Carolyne Willow, Article 39’s Director, said the judgment was “very upsetting” because of the profound implications for children in care.

“There is no question that children will continue to be placed in wholly unsuitable accommodation. Ministers were pushed into taking action because of mounting evidence of the harms suffered by children in care living in properties which bypass ordinary care standards. Instead of protecting all children, they decided to create a two-tier system where children in care aged 15 and under will always be cared for where they live, and those aged 16 and 17 can go without care in their home.”

“Age on its own tells us nothing about a child’s history, what they have been through before coming into care, whether they are disabled, have mental health difficulties or have suffered sexual or physical abuse or other trauma. It doesn’t tell us about the child’s legal situation, or what a family court envisaged for them when making a care order and handing a local authority parental responsibility. Age also doesn’t tells us how things are going for a child at school or college, nor is it an indicator of a child having special educational needs or learning difficulties.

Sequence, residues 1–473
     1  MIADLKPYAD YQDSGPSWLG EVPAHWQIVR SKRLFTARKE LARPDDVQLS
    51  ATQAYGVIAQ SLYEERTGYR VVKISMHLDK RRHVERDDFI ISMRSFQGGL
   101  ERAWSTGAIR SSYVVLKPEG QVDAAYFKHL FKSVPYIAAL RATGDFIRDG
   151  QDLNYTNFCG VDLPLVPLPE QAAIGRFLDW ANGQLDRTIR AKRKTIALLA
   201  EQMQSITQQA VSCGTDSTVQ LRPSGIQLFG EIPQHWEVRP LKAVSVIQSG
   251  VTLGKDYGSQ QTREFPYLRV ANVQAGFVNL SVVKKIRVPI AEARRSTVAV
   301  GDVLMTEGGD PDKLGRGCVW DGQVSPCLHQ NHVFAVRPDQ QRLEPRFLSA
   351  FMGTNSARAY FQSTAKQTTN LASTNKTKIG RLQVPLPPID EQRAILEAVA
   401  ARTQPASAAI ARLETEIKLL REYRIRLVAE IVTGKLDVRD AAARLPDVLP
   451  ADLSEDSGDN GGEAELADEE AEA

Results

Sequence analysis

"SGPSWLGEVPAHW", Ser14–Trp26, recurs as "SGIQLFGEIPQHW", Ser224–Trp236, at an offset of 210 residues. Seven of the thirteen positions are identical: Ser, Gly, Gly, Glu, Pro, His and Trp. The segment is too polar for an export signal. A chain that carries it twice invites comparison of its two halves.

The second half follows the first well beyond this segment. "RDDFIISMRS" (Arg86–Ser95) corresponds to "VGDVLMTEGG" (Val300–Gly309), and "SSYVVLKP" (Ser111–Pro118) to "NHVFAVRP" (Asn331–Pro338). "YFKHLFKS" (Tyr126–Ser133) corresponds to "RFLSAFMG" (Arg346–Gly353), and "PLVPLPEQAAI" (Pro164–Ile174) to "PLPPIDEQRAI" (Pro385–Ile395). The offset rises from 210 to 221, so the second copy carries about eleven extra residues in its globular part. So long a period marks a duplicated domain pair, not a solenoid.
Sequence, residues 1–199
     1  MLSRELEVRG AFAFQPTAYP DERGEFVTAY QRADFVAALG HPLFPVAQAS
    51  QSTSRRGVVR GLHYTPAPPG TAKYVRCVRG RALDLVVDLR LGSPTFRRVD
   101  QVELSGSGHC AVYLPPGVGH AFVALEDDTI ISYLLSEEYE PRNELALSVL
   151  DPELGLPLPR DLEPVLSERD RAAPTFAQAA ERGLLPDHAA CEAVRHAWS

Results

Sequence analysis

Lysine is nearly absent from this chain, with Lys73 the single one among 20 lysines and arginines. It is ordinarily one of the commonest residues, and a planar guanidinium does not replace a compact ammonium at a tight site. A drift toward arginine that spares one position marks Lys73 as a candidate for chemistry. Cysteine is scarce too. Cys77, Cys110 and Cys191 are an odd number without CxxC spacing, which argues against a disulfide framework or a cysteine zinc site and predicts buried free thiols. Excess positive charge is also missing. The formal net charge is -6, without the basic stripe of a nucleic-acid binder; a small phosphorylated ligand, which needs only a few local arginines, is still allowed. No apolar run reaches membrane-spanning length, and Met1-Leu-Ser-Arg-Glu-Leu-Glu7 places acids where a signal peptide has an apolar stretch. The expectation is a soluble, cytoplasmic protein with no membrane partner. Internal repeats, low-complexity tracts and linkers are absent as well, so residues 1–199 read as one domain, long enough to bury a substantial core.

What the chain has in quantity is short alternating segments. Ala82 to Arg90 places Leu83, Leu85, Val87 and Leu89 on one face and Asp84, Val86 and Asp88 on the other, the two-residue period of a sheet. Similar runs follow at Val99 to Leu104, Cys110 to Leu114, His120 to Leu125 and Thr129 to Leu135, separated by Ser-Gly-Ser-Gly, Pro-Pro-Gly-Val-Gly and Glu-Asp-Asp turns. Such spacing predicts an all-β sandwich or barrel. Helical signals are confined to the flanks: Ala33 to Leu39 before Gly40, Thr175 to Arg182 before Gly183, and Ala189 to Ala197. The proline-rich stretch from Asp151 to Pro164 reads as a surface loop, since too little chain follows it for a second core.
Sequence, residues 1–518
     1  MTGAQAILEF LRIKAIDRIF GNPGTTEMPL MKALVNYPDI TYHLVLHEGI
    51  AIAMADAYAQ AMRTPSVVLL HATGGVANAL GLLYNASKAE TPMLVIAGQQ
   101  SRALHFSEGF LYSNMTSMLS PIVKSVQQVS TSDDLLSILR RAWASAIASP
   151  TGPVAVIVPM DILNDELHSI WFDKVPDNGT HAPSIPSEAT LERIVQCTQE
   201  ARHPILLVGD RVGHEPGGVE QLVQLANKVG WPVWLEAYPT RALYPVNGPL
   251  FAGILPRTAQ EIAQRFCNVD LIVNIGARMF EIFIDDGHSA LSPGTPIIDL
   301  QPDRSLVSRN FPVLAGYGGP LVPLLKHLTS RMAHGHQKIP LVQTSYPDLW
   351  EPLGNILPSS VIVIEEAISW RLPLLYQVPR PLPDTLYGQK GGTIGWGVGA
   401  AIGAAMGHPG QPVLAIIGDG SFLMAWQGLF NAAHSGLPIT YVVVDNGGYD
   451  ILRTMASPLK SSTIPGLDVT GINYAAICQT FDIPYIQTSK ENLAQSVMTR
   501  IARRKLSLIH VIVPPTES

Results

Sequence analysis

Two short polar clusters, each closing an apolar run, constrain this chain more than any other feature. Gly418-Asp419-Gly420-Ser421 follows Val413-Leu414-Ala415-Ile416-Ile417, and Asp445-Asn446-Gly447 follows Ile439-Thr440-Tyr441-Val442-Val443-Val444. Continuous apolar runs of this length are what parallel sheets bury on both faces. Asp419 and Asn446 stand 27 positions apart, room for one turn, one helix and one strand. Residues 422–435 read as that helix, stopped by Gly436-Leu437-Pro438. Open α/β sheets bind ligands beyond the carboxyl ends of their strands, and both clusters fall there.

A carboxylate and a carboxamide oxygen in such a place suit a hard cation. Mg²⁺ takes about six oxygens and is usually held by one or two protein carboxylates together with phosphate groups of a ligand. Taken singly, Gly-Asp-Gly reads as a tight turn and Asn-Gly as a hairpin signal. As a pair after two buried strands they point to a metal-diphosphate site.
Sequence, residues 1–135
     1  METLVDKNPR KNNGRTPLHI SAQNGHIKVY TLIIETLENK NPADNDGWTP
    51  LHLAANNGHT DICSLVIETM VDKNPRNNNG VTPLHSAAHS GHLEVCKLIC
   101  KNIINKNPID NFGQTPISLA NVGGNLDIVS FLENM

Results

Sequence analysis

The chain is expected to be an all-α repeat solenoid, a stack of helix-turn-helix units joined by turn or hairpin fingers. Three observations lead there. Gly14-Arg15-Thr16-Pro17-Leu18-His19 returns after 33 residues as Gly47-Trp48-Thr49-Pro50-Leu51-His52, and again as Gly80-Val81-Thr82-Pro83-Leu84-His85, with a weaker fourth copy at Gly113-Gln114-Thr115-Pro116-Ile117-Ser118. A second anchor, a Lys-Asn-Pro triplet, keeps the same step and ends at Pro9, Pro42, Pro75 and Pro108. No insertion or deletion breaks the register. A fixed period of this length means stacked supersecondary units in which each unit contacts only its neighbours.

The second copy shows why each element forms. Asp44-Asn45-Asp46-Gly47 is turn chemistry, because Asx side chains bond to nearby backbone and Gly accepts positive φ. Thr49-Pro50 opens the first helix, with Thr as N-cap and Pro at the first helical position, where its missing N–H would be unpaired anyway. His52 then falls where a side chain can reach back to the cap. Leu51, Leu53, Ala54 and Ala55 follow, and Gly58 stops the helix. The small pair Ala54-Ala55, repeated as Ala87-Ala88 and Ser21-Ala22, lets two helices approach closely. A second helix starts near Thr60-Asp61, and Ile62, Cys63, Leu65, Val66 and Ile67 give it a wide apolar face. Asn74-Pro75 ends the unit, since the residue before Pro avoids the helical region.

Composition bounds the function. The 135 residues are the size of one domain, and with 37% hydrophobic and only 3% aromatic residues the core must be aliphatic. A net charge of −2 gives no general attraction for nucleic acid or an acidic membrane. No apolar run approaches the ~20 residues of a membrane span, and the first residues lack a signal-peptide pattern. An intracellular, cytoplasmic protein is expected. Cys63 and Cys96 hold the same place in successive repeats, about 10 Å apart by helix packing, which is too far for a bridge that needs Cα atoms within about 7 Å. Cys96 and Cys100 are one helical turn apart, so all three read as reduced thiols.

Mr Justice Holgate rejected Article 39’s claim that the Education Secretary was required under the Equality Act 2010 to consider the impact of not extending the ban on 16 and 17 year-olds, and boys and children from black, Asian and minority ethnic communities who are disproportionately placed by councils in properties such as shared houses and hostels.

Justice Holgate also dismissed the claim that the public consultation undertaken by the Department for Education was unfair because it failed to ask whether 16 and 17-year-olds should also be safeguarded; and that the Education Secretary failed to conscientiously consider young people’s responses to that consultation. An unpublished summary prepared by civil servants of the responses from 165 young people was not available to ministers when they were asked to approve plans for the secondary legislation. Despite this, Mr Justice Holgate found the “analysis by officials was appropriate and, where relevant, supported by the independent report”.

The independent report commissioned by the Department for Education had analysed responses from 237 organisations and a small number of individuals only; the 165 responses from young people (41% of total respondents) were not included.

Oliver Studdert, a public law and human rights lawyer at Irwin Mitchell representing Article 39, said after the hearing: ”This is an incredibly sensitive area which affects thousands of vulnerable 16 and 17 year-olds. My client is very disappointed by this judgment and remains of the firm view that the decision not to extend the ban on unregulated accommodation to 16 and 17 year-olds was unlawful. This is an extremely important issue and we will be seeking permission to appeal to the Court of Appeal.”